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What can I expect to happen if and when the intermediate shaft lets go? Will it go BANG-clatter-clatter, or will the motor just die?

I have a 2005 C2S Coupe with 6-speed and about 24K miles with no oil leaks. Also bought a four-year extended warranty that'll kick in around Feb/Mar 2009.

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  • Admin

I think you worry too much ;) BMW engines fail too ...and so do Jeeps and so do.... the list goes on and on.

Only a small percentage of cars actually have this happen.

Depending on engine speed when the bearing lets go it could just be a rattle (like a bucket of bolts) or if you the engine is at high speed then sometimes there is a bang followed by a clatter and lots of oil everywhere - but that is a rare case.

If you have a warranty - that is all the more reason not to worry.

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I think you worry too much ;) BMW engines fail too ...and so do Jeeps and so do.... the list goes on and on.

Only a small percentage of cars actually have this happen.

Depending on engine speed when the bearing lets go it could just be a rattle (like a bucket of bolts) or if you the engine is at high speed then sometimes there is a bang followed by a clatter and lots of oil everywhere - but that is a rare case.

If you have a warranty - that is all the more reason not to worry.

Since having the extended warranty, I've slept lots better. Figured it was a rarity, so I'm presently having a blast with my new toy! Thanks again. Case closed.

Rick

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The intermediate shaft issue seems to affect only the cars built pre 2006 that had a smaller thread and bearing on the end of the shaft. I've done some research into the problem as it affects all 987 / 997 engines prior to 2006 except the Gt3 and turbo. So far , from what i have learnt , the shaft failure cannot be predicted , nor does it follow any set range of chassis numbers. The type of driving or frequency of use does seem to point towards low mileage infrequent use rather than frequent or regular driving , though the figures are too few to be sure. Normally the IMS fails before 40 k , and generally between 15 and 30 k. Mechanics I have spoken to , suggest its possibly an assembly tolerance issue at the factory , rather than a result of how the car is driven or serviced. The failure can be either the end of the shaft shearing at the securing bolt thread , or the support bearing collapsing. Generally its a new engine as a result. Thankfully there are only a handfull of engines that have had this issue (probably no more than 60 on all the forums i've read) out of at least 200, 000 cars built. If it worries you, buy a decent warranty that covers this type of failure as a minimum.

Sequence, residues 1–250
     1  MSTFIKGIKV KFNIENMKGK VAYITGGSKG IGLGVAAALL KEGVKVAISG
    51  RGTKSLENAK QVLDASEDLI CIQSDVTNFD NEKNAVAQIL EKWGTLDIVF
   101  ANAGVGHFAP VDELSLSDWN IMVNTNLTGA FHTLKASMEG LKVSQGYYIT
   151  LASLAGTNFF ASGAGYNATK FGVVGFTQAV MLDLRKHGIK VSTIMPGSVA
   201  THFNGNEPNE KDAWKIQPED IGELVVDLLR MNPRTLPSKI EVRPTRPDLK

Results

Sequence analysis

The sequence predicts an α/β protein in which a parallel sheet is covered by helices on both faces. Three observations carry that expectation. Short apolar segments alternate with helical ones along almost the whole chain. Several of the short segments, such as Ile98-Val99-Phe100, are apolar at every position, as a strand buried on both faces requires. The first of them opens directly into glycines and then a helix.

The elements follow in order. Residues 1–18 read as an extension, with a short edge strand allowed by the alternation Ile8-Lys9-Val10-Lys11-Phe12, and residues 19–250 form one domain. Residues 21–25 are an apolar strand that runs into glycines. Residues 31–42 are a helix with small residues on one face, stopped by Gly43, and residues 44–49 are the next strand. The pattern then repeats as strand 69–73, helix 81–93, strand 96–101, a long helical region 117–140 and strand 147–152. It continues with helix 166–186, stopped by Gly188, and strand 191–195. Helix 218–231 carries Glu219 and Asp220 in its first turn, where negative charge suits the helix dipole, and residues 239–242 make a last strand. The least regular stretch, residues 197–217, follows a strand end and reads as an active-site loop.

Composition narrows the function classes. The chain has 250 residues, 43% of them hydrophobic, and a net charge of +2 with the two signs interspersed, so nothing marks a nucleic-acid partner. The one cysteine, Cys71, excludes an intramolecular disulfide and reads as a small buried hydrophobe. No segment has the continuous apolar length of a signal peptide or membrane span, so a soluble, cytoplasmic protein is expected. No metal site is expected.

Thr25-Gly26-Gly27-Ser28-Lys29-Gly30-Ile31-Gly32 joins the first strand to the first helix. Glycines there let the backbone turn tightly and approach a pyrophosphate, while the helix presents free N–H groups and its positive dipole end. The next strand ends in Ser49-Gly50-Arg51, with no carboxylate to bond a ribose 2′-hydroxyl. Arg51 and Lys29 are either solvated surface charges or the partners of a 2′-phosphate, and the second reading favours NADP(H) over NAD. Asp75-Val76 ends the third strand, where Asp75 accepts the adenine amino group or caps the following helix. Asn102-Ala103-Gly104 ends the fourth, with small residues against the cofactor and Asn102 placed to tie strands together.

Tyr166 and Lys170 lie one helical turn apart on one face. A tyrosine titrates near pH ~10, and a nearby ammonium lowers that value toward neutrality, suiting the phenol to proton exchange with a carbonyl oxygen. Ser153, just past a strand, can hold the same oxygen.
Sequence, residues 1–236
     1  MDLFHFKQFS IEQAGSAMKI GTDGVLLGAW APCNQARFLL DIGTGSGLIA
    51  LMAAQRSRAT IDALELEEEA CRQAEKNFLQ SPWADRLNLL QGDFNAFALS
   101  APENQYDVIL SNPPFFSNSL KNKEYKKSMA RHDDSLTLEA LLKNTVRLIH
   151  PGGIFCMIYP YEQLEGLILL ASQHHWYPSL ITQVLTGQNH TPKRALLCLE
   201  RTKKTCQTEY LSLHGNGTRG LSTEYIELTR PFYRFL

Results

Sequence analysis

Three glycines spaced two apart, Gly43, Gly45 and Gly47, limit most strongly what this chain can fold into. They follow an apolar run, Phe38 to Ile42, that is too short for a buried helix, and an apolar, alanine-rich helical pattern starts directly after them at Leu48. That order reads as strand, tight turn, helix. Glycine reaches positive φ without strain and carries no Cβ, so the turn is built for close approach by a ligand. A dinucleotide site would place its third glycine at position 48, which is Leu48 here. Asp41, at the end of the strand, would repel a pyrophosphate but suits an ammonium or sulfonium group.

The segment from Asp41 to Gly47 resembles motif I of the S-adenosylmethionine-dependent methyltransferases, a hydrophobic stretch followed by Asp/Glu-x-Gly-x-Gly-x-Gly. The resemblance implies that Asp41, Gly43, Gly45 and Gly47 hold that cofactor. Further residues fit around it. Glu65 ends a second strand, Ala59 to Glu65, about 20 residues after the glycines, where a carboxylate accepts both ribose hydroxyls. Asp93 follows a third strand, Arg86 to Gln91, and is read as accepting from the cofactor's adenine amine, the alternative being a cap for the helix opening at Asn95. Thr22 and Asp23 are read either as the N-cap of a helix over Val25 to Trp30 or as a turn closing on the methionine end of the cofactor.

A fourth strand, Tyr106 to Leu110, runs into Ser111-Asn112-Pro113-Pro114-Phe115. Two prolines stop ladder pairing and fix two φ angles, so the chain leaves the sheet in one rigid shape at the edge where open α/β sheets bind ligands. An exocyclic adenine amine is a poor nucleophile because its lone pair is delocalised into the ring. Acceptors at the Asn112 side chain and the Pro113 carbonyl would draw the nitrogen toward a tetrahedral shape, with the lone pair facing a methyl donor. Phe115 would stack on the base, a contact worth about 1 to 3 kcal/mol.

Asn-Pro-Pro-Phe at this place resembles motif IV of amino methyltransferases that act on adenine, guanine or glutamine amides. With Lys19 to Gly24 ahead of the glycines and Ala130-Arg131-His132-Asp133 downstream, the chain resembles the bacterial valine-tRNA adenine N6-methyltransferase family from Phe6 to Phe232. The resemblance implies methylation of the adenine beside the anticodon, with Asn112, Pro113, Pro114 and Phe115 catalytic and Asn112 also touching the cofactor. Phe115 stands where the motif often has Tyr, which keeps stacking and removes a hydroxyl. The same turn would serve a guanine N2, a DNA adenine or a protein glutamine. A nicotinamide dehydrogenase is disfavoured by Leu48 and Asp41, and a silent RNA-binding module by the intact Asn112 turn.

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I have an '05 with late '04 build date. I don't race or abuse the car and mine failed at 20K miles with no warning. New engine replaced under warranty.

Sounds just like mine, and it's got 24K. I'm the car's second owner, and I bought a four-year extended warranty. The original factory warranty will be up around Feb/Mar next year. As I said in my first post, watch this space. In the mean time, I'm loving the car and immensely enjoying its performance.

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  • 3 months later...

My 2005 997s broke down last week. The Porsche dealer in Hong Kong just told me that the engine shaft is broken and the engine needs to be replaced. The car has only done 20+k kilometers.

I understand from the posting on this board that case of this have happened before ad it is a mechanical failure early 997's are prone to which is known by Porsche.

Does anyone here have experience or heard about how Porsche deals with this situation. In particular whether Porsche caries the cost of the engine replacement? I have no remaining warranty on the car.

Would really appreciate any feedback.

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If your car has a correct dealer completed maintenance manual, you can expect a good compensation, 20k km and 4 years old should still in the range. Porsche knows about the 997 MY05 engine troubles, the worst ever build.

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